Tracking the Development of Cerebrovascular Risk Factors Following Pregnancy With Preeclampsia document

In a retrospective study conducted by a group of researchers led by Seemant Chaturvedi, MD, University of Maryland School of Medicine Stewart J. Greenebaum Endowed Professor of Stroke Neurology and Director of the University of Maryland Medical System's Stroke Program, women who were diagnosed with preeclampsia during pregnancy were significantly more likely to exhibit risk factors for stroke in the years shortly thereafter1.

Through a chart review, Dr. Chaturvedi and his research colleagues discovered that among 183 women who developed preeclampsia in 2012 or 2013, incidence of hypertension, diabetes mellitus, migraines and hyperlipidemia increased 1.7 to 4.5 times when measured from 2014 to 2016.

Risk Factor  Increase in Incidence Pre-pregnancy v. Post-preeclampsia P Valve
Hypertension 1.7 times < .05
Diabetes mellitus 2 times < .05
Migraines 2.2 times < .05
Hyperlipidemia  4.5 times < .05

The study’s authors recommend that primary care physicians and OB-GYNs monitor patients with preeclampsia history for cerebrovascular risk factors and medically manage these risk conditions to prevent future ischemic events.

Incidence of Stroke Rising Among Younger Adults Even as Overall Stroke Mortality Declines in U.S.

The study authors mention that hospitalizations among patients aged 15 to 44 for acute ischemic stroke is rising, likely attributable to growing prevalence of cerebrovascular risk factors such as obesity, diabetes, hypertension and high cholesterol in increasingly younger populations. For many women, pregnancy can serve as a “natural stress test.” About 5% to 8% of pregnant women develop preeclampsia – characterized by hypertension plus either proteinuria or end organ damage in the latter half of pregnancy – a condition thought by some experts to be the same disease process as cerebrovascular and cardiovascular diseases. Primary care providers should realize that younger patients face a real threat for cerebrovascular events in the presence of such risk factors, and preeclampsia is an early warning sign.

Managing Cerebrovascular Risk Factors After the Emergence of Preeclampsia

Despite the strong connection of preeclampsia with certain risk factors for stroke, the authors mentioned that recent data suggest that only 9% of internists and 38% of OB-GYNs counsel their patients who had preeclampsia about how to reduce their risk for vascular diseases2. However, through a review of electronic health records, Dr. Chaturvedi and his fellow researchers also had the opportunity to study how well patients with a history of preeclampsia received medical management for cerebrovascular risk factors. Patients ranged in age from 19 to 48, averaging 32.3 years, and while none with hyperlipidemia were put on statins, 73.6% of patients received medical management for hypertension, as did 88.9% for diabetes.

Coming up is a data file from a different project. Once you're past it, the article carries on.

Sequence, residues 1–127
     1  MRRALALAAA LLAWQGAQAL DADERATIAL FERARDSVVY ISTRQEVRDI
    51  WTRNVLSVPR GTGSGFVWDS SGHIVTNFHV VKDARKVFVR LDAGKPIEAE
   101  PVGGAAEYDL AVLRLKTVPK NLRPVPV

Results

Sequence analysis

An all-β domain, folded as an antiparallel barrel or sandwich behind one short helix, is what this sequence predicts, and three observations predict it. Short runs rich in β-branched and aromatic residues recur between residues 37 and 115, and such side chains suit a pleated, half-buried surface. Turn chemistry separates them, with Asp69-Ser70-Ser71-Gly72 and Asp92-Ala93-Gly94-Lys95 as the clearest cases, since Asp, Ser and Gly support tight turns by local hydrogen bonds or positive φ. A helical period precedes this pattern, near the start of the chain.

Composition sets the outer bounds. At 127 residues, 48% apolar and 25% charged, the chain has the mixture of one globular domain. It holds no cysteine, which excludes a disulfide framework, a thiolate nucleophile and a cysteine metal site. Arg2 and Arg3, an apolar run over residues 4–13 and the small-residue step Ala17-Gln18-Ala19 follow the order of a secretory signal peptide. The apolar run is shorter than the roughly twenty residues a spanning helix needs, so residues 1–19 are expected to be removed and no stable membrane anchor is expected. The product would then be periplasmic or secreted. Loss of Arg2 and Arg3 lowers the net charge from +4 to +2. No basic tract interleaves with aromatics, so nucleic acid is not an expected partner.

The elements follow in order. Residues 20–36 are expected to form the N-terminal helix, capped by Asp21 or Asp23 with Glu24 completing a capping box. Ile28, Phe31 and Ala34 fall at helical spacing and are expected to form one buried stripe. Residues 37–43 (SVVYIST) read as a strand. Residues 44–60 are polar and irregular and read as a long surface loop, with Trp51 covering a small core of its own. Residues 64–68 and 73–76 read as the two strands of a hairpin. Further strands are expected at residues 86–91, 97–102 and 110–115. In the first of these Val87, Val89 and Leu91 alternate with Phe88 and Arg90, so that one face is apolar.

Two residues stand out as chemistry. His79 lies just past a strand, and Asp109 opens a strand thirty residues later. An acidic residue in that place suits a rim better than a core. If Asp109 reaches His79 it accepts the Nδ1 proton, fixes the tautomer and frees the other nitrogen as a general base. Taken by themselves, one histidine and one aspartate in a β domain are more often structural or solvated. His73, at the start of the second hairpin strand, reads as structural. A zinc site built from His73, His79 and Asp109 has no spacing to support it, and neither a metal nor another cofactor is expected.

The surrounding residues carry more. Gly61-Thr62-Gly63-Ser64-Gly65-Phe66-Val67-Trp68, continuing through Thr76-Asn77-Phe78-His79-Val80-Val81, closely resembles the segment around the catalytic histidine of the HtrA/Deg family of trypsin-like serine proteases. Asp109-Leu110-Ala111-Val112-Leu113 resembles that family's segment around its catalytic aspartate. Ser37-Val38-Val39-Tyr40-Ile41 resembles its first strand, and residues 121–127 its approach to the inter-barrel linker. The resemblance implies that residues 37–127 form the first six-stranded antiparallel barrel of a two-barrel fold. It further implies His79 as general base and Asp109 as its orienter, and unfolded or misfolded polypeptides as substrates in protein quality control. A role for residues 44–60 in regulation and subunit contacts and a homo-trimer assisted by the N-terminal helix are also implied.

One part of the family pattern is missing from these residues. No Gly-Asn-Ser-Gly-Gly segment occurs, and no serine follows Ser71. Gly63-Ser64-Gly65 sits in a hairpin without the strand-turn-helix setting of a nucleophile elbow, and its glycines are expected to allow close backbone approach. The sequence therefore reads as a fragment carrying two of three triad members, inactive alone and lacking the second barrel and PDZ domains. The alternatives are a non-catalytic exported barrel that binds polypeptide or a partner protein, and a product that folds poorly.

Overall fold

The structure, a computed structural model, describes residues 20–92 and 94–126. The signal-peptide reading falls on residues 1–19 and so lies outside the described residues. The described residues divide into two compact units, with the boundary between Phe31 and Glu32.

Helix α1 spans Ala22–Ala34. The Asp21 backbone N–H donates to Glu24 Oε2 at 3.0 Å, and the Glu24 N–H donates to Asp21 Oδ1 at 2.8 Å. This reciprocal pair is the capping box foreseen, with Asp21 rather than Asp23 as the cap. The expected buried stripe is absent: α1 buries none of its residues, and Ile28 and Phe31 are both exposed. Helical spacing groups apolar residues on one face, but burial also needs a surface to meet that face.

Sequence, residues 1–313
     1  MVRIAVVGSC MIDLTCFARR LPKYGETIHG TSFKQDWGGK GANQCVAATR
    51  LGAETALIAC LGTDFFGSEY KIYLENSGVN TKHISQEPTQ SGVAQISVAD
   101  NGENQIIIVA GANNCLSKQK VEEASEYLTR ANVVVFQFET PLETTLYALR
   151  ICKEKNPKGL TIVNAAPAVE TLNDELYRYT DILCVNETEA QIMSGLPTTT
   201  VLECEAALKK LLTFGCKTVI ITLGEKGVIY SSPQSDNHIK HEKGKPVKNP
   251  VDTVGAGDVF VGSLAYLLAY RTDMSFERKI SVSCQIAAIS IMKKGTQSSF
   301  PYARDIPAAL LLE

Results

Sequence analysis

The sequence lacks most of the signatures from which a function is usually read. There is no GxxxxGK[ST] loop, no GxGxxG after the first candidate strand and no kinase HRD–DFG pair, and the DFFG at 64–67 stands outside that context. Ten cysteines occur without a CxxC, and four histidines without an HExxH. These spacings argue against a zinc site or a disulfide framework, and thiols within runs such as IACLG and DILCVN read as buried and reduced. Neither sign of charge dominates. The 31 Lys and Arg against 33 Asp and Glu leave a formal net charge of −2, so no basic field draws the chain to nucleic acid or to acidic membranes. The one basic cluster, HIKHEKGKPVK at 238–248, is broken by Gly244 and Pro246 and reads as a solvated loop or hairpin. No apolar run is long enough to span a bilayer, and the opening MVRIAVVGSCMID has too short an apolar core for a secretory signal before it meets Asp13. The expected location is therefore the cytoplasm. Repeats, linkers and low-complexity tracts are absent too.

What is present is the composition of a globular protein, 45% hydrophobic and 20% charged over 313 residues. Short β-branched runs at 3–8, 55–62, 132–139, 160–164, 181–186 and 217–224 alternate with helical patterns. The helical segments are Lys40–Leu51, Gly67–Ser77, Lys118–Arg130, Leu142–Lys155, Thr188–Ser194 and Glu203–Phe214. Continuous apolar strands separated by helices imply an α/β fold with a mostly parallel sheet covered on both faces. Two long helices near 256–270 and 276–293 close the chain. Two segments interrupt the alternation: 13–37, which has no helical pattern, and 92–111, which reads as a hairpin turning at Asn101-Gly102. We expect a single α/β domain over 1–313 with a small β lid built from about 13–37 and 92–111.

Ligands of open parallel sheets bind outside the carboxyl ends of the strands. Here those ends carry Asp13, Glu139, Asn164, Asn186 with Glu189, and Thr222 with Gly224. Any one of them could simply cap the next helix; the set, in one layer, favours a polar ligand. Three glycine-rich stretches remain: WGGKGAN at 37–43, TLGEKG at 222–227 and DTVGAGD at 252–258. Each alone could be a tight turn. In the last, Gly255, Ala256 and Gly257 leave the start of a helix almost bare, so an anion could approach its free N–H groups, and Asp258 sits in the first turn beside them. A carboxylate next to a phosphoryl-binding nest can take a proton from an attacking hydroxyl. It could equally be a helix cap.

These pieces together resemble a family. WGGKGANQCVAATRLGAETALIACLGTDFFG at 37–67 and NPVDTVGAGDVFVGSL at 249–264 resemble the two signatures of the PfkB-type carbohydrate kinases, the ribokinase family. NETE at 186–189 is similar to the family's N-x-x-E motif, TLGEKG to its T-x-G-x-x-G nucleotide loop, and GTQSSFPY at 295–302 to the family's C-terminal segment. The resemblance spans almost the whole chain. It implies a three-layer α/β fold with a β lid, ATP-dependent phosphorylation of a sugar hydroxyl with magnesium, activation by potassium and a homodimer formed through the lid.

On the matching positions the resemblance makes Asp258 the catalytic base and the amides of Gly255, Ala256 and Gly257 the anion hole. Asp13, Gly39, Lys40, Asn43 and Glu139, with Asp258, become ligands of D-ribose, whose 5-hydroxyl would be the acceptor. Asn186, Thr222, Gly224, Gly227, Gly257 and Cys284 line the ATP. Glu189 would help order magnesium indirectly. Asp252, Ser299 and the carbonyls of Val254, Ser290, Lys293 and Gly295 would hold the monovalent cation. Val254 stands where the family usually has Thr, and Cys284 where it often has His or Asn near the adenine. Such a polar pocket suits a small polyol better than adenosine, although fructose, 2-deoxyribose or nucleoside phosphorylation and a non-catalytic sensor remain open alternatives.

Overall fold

Moreover, the patient population under investigation was an urban one, comprising 48% black non-Hispanic patients and 35% white Hispanic patients. While insurance status was not statistically significant as to whether risk factors were medically managed (P = .68), racial group appeared to make a difference. For patients with hypertension, 74.3% of black non-Hispanics received medical treatment with an antihypertensive, while 55% of white Hispanics with hypertension did. When patients had diabetes, 100% of black non-Hispanics were prescribed medication compared to 77.8% of white Hispanics.

Early Intervention & Preventive Care Are Crucial

While the study authors pointed out a couple caveats – risk factors for stroke increase with age regardless, and there was potential selection bias to the study group because patients seeking subsequent care might be less healthy than those who did not – these have no bearing on the study’s revelation of the need to better ensure that patients from all racial groups receive appropriate medical management for cerebrovascular risk factors. The authors conclude that if providers apply a more systematic approach to surveilling for and managing these risk factors among patients who develop preeclampsia, more strokes can be prevented.

1Lederer M, Wong A, Diego D, Nguyen D, Verma U, Chaturvedi S. Tracking the development of cerebrovascular risk factors following pregnancy with preeclampsia. J Stroke Cerebrovas Dis. In press. doi: 10.1016/j.jstrokecerebrovasdis.2020.104720
2Aye CYL, Elmahi E, Boardman H, et al. Do young women need treatment for hypertension after pregnancy complications? J Am Heart Assoc. 2018;7.

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